WASHINGTON — They had 80 hours to finish or fail.
Stuck in a "fiscal cliff" stalemate, trust nearing tatters, President Barack Obama and Senate Republicans changed the game after Christmas. It took the rekindling of an old friendship between Vice President Joe Biden and GOP Sen. Mitch McConnell, an extraordinary flurry of secret offers, a pre-dawn Senate vote on New Year's Day and the legislative muscling that defines Washington on deadline.
Yet the fate of the final agreement remains in doubt as House Republicans show signs of rebellion against the plan.
How the final days of private negotiations pulled the country — maybe only temporarily — back from the precipice of the fiscal cliff marked a rare moment of bipartisanship for a divided government. Several officials familiar with talks requested anonymity to discuss them.
Obama, having cut short his Christmas vacation in Hawaii, huddled with congressional leaders Friday afternoon at the White House. Talks between the president and House Speaker John Boehner had failed, so Obama put the fate of the fiscal cliff in the hands of McConnell and Senate Majority Leader Harry Reid.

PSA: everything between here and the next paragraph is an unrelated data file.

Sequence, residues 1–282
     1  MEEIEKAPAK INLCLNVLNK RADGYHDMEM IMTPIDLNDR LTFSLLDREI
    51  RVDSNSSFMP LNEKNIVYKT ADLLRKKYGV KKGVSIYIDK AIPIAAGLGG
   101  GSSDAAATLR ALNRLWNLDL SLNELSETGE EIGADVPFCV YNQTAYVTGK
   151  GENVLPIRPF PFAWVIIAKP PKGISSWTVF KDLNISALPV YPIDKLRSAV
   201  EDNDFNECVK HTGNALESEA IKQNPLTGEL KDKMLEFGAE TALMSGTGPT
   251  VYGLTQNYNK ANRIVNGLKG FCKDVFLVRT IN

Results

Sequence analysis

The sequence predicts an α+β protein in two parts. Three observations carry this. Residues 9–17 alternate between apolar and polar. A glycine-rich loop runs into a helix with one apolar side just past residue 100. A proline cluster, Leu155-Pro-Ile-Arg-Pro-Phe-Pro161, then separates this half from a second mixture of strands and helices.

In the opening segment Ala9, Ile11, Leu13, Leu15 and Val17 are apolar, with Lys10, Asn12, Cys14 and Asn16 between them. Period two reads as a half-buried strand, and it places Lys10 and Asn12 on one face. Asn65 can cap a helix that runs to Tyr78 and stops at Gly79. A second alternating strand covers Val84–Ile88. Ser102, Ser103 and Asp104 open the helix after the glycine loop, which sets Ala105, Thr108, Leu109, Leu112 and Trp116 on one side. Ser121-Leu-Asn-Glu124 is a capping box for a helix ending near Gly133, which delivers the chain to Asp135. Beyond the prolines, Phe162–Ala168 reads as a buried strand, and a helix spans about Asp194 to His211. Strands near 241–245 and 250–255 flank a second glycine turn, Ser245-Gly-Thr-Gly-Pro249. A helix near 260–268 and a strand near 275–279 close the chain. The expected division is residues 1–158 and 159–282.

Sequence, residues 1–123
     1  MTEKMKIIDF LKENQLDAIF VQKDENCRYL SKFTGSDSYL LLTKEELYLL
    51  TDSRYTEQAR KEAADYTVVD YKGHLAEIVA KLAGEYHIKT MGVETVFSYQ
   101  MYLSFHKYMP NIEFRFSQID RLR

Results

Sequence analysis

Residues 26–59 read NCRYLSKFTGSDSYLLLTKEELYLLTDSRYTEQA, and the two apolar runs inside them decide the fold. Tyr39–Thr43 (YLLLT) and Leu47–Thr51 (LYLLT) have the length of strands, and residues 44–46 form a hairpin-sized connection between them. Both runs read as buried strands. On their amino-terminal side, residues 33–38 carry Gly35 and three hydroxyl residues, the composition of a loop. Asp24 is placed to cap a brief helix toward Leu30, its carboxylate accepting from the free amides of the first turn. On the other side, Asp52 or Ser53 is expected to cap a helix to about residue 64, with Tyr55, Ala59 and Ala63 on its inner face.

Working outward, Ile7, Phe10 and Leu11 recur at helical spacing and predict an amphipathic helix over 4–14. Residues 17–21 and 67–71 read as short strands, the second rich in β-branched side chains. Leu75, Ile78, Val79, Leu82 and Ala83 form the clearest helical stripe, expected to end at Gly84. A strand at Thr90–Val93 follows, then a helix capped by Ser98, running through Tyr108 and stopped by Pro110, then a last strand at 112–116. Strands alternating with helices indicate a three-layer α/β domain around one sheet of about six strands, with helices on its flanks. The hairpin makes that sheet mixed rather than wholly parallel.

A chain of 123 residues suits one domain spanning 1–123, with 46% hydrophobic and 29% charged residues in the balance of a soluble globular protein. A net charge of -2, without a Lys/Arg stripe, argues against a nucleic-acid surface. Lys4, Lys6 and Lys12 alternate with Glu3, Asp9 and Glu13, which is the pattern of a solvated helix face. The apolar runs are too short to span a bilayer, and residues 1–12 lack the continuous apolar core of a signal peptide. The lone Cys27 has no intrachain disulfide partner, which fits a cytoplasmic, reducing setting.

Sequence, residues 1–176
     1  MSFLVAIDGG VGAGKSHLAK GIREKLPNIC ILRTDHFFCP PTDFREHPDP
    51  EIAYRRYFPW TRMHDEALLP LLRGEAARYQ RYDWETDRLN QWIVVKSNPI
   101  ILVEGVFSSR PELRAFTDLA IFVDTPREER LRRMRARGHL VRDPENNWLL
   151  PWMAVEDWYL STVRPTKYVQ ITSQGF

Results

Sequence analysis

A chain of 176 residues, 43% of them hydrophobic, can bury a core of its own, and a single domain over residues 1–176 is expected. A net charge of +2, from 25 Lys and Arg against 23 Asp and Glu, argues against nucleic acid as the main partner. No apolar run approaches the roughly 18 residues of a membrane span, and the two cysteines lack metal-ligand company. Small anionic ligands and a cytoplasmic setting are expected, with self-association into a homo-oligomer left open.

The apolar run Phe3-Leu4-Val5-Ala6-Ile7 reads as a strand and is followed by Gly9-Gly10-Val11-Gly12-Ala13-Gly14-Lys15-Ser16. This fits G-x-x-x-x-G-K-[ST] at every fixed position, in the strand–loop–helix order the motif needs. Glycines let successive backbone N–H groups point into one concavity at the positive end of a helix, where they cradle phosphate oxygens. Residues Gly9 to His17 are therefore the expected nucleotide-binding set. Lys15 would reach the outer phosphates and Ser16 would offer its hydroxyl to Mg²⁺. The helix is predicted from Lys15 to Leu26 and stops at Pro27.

McConnell made the first move. The Kentucky Republican proposed a plan late Friday night that would extend tax cuts expiring Jan. 1 on family income above $750,000 a year, according to officials. He also wanted to keep tax rates on wealthy estates at 35 percent, slow the growth of Social Security cost-of-living increases, and pay for an offset of the sequester — Congress's term for across-the-board spending cuts __ by means-testing Medicare. His offer did not include the extension of unemployment benefits Obama had demanded.
Democrats balked and began preparing a counteroffer. It called for extending tax cuts for family income up to $350,000, a concession from Obama's campaign pledge to cap the threshold at $250,000. The Democratic leader also insisted that any deal include a way to deal with the sequester, plus an extension of the jobless benefits for 2 million Americans.